This is a skirt that you customize for yourself. You can make the panels out of old t-shirts, old lace or you can buy all the materials if you want. It's fun to be resourceful and recycle. You can get really creative with the panels and do a theme...like Harley Davidson T-shirts. It doesn't have to be hemmed and you can make it as long as you want. The waistband is made from an old t-shirt of your own so you know it fits. This would be a great maternity skirt. This is a great sewing project for learning how to sew because there is little cost and it allows you to be really creative.
I am listing one of these skirts in my Etsy store.
Step 1: Choosing a T-shirt for the Waistband.
Take an old T-shirt, preferably one that is fitted and fits you well, but you don't wear anymore.
Step 2: Cutting the T-shirt for the Waistband.
Cut the bottom hem and top of shirt off.
Step 3: Making Sure the Waistband Fits.
Fold it to make a waistband. This is where you can adjust the waistband. We had to take in the waistband because it was loose, but if you choose well you shouldn't have to do that. Sew the raw ends together if you want so the fabric is doubled and secure.
You don't have to fold the waistband, but it makes it more durable. If it's for a maternity skirt or if you prefer bunching it for style you can leave it a single layer. If you leave it a single layer you can use i as a dress or a top.
Step 4: Important Step!! Measure Where You Want Waistband to End!
Measure where you want the waistband to end. This is important for style but is especially important if you are using mixed fabrics like we did. Cotton eyelet has no stretch, so the hips are the biggest circumference requiring little need for stretch. My daughter chose where on her hips she wanted the waistband to end. She measured 35.5". We rounded it up to 36" to compensate for error. Divide by six because you will need six panels to make this skirt.
If you are larger you should divide by a larger number. For instance a friend was 45" so we divided by 9. It looks better even though it's a little more work.
It doesn't matter how many panels there are.
If you are alternating colors for each panel the number you divide by has to be an even number.
Step 5: Measurement for the Top of the Panel Pattern.
This is where we start making our pattern for the panel. We start at the top of the pattern for the panel. We added 0.5" to our measurement of 6" for the seam allowance needed for each panel. Now the top of each panel will measure 6.5". Mark each end of the 6.5" with a line on the top of a large sheet of paper.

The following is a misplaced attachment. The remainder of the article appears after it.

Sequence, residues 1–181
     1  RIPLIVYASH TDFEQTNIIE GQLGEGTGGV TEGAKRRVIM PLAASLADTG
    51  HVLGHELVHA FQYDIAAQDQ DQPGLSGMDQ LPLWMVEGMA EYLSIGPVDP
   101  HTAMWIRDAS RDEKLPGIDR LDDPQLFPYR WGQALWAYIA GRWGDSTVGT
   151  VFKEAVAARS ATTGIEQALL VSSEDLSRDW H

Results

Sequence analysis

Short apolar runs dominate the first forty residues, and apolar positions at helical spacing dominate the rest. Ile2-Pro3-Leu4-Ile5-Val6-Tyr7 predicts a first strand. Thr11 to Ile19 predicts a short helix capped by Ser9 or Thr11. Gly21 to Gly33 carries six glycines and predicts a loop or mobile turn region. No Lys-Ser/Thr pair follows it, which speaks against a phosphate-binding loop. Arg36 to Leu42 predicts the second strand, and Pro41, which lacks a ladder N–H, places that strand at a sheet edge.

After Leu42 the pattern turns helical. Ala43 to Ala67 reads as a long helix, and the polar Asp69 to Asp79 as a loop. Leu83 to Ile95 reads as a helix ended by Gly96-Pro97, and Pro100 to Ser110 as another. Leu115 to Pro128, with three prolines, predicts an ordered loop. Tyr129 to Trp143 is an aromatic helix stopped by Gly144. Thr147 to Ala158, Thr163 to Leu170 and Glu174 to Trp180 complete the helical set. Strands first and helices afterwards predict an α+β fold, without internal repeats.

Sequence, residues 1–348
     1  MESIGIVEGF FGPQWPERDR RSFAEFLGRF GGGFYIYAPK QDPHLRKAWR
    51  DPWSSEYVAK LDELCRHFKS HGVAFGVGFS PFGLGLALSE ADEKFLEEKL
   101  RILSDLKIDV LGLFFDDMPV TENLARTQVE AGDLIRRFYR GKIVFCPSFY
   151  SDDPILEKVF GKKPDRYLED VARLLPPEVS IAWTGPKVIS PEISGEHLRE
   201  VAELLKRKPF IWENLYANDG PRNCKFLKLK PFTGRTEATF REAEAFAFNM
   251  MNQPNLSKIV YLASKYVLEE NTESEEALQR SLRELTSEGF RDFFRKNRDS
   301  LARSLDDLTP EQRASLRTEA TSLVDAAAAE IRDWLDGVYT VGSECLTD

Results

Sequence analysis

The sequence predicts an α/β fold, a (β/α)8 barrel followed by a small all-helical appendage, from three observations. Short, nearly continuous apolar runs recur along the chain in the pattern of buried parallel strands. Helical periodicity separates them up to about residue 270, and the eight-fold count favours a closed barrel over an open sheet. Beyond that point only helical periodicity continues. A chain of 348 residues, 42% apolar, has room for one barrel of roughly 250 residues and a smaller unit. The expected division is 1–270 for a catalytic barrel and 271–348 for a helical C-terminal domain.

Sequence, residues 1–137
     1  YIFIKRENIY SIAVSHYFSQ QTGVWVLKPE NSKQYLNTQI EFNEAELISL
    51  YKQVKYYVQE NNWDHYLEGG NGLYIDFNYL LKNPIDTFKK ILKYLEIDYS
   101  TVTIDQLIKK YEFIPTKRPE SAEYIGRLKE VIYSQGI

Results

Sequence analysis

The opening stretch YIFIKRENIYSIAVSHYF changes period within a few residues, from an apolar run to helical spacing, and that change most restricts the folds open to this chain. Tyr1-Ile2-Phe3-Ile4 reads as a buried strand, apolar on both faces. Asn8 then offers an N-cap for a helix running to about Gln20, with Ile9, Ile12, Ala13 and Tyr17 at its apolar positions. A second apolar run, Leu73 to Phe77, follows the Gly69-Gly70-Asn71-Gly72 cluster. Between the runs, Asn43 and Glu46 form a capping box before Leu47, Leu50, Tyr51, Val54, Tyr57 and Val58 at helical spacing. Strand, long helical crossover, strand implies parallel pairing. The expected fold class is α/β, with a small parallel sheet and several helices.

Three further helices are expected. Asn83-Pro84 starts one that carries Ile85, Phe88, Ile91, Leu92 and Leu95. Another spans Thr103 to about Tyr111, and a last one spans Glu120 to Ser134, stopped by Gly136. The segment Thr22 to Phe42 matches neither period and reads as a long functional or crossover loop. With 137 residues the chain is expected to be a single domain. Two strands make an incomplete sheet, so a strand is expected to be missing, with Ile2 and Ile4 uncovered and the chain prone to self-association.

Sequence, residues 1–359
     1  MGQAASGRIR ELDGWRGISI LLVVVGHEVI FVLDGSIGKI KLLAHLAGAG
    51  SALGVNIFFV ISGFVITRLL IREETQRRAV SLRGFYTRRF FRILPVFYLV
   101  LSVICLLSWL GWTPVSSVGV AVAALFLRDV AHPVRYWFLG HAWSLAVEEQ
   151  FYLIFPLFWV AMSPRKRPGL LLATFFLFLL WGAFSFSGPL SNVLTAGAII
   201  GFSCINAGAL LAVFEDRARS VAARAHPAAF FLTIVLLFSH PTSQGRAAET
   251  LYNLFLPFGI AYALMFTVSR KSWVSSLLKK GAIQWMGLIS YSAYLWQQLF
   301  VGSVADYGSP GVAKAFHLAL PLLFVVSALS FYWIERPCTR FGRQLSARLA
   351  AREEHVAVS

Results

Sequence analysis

Step 6: Matching Your Marks.
Fold paper in half so the marks at the top where you measured match then fold the paper in half. Make sure the marks are equal distance from the fold line. In our case the measurement would be 3.25" from the fold line to the mark on each side of the paper.
Step 7: What Length Do You Want the Skirt?
Measure the length you want the skirt from the bottom of where the waistband sits.
Step 8: Mark the Length on Your Pattern.
Add 2" for error to the length you have chosen, unless you are using a fabric with a finished hem like eyelet, then only add 1" to the length for error.
Step 9: How Wide Do You Want Your Skirt to Flare?
My daughter wanted a wide skirt. From the top(where we measured 6.5"), measure along the fold line the length you want the skirt to be and make a mark. At the bottom of the folded paper where you made the mark for length, measure away from the fold half the width you want the panel to be. In our case it was 7" from the paper fold, making the bottom width of each panel 14". Cut excess paper off the bottom of panel then draw a line at the open side of your paper from the top marks to the bottom marks.
Step 10: Cleaning Up the Panel Pattern.
and cut excess paper off on open side.
Step 11: Wedge Shaped Pattern.
You should end up with a wedge shaped pattern. Here is the finished pattern for our skirt panel. 6.5" at top, 14" at the bottom, and 19" in length.
Step 12: Cutting the Fabric.
Now cut out the amount of panels you need and sew them together, in our case it was six. You can leave the seams out. You can double the fabric like we did. You can use old T-shirts to make the panels. It's customized by you. If you want the bottom to look ragged then sew your panels from the top seam. With the eyelet we sewed from the bottom.
This is a great skirt pattern for recycling fabric...every panel can be different if the fabric weight is the same (don't use corduroy and chiffon together...the seams will tear).
Step 13: Completing the Skirt.
My daughter wanted eyelet with a pink underskirt. If you use eyelet there is a right side to the fabric and it needs to be sewn from the bottom of the skirt on each panel so the eyelet edges align. We did have to take in the waistband. Then pin the skirt body and waistband together and tuck in places so the waistband fits. Fitting the waistband is more of a problem when using two skirt fabrics together. I tack it together then let my daughter try it on. If she likes the way it looks I sew it securely.